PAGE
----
Washington, D.C. - A new WWF study tracking pygmy elephants by satellite shows that the remaining herds of these endangered elephants, which live only on the island of Borneo, are under threat from forest fragmentation and loss of habitat.
Borneo pygmy elephants depend for their survival on forests situated on flat, low lands and in river valleys, the study found. Unfortunately, it is also the type of terrain preferred for commercial plantations. Over the past four decades, 40 percent of the forest cover of the Malaysian State of Sabah, on the northeast of the Island of Borneo where most of pygmy elephants are has been lost to logging, conversion for plantations and human settlement.
The areas that these elephants need to survive are the same forests where the most intensive logging in Sabah has taken place, because flat lands and valleys incur the lowest costs when extracting timber, said Raymond Alfred, Head of WWF-Malaysias Borneo Species Programme.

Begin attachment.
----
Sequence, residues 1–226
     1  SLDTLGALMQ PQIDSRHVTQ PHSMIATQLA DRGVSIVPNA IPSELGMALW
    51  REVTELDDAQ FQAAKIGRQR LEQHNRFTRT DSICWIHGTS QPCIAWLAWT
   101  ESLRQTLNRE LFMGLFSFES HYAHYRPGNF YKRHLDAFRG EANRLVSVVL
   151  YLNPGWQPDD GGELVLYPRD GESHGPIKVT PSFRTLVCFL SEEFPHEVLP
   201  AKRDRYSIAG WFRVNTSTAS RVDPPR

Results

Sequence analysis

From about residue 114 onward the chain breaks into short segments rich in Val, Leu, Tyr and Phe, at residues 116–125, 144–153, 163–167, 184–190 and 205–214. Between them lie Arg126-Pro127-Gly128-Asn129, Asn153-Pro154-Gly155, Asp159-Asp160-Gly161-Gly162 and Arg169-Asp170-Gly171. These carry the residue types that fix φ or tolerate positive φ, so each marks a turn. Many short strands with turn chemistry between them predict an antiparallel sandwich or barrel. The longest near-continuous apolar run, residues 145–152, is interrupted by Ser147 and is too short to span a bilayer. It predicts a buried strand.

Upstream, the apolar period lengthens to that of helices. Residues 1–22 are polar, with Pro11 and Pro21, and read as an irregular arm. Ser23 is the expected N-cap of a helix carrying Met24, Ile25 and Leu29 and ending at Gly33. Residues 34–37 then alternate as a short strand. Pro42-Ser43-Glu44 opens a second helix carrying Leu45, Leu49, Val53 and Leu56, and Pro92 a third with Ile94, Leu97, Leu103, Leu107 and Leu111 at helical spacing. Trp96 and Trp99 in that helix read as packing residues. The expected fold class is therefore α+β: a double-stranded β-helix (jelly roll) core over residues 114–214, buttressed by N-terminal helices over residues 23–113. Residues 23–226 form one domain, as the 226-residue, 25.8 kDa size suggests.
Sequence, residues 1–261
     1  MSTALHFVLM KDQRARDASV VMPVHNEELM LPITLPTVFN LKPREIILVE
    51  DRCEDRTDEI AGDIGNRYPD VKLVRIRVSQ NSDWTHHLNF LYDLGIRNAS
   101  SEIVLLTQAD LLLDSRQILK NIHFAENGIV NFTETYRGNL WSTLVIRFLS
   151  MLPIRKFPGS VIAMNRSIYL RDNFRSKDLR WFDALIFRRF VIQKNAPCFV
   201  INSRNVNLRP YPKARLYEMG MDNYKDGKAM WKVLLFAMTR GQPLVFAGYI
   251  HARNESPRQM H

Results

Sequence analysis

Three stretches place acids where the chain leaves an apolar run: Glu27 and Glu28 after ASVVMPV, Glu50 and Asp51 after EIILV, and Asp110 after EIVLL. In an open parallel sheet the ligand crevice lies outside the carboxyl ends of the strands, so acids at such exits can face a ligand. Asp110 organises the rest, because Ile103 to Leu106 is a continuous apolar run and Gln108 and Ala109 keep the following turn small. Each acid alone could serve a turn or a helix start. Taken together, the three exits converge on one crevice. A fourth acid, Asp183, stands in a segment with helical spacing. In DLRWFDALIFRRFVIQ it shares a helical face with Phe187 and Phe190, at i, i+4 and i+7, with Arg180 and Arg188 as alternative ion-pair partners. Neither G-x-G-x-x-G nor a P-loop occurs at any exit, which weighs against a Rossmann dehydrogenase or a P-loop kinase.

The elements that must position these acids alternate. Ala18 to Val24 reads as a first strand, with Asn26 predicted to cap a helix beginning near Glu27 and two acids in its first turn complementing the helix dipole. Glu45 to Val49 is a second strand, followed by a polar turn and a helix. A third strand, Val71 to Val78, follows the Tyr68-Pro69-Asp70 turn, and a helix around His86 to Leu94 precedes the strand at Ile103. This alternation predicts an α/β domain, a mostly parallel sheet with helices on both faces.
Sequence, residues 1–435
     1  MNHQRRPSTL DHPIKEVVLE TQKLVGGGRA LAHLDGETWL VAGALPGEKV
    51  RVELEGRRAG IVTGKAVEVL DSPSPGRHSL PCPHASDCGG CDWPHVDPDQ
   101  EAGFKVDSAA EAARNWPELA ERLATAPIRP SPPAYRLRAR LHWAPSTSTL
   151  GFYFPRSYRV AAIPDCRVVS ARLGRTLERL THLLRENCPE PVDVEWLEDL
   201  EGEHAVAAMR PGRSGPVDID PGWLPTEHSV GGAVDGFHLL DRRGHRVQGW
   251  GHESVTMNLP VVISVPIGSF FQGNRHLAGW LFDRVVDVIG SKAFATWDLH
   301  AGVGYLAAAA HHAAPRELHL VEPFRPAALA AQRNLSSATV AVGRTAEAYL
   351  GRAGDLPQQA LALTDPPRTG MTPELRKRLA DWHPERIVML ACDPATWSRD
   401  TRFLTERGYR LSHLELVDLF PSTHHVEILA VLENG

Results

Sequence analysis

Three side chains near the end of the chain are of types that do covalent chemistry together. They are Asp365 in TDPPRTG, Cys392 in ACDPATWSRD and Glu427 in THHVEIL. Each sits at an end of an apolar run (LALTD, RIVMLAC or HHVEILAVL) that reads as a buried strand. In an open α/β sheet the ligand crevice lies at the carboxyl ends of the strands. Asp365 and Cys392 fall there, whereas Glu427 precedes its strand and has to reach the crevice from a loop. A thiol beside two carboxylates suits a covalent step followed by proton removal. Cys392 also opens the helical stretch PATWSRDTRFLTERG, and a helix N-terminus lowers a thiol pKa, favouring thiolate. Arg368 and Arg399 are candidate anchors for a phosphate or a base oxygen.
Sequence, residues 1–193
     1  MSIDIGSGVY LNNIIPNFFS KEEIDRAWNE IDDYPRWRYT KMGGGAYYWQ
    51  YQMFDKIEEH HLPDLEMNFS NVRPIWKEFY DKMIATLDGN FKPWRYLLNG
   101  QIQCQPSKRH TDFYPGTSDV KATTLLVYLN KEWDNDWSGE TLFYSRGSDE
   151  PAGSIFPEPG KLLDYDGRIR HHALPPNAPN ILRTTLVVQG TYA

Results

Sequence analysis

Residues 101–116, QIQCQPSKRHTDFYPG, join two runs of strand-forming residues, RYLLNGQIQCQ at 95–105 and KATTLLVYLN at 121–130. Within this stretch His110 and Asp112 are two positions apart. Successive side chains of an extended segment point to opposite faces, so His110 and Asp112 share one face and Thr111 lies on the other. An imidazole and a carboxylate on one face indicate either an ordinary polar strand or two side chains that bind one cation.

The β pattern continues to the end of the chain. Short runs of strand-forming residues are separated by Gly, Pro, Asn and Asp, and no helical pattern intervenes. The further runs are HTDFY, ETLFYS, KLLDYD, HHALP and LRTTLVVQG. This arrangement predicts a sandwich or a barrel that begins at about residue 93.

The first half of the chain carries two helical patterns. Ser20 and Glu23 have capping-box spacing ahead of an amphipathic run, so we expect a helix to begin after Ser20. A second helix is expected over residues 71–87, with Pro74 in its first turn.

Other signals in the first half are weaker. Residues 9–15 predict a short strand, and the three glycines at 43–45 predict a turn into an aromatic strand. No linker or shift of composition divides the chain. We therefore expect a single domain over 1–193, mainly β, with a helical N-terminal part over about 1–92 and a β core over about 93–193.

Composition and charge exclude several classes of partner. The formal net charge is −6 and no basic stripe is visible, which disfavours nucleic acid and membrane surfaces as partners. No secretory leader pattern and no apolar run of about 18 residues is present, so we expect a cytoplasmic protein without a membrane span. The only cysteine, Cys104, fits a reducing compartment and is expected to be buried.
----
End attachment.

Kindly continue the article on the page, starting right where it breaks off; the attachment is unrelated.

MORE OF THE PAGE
However, the Malaysian governments commitment to retain extensive forest habitat throughout central Sabah, under the Heart of Borneo agreement, should ensure that the majority of the herds have a home in the long term, Alfred added.
This study, the largest using satellite collars ever attempted on Asian elephants, suggests that pygmy elephants prefer lowland forests because there is more food of better quality on fertile lowland soils.
But the study also shows that elephants movements are noticeably affected by human activities and forest disturbance. Data gathered so far reveals there are probably not more than 1,000 pygmy elephants left in Sabah less than the 1,600 or so estimated previously.
And, one important area for the elephants, the Lower Kinabatangan Wildlife Sanctuary, may be too small and too fragmented to support a viable population for the long term, according to the report.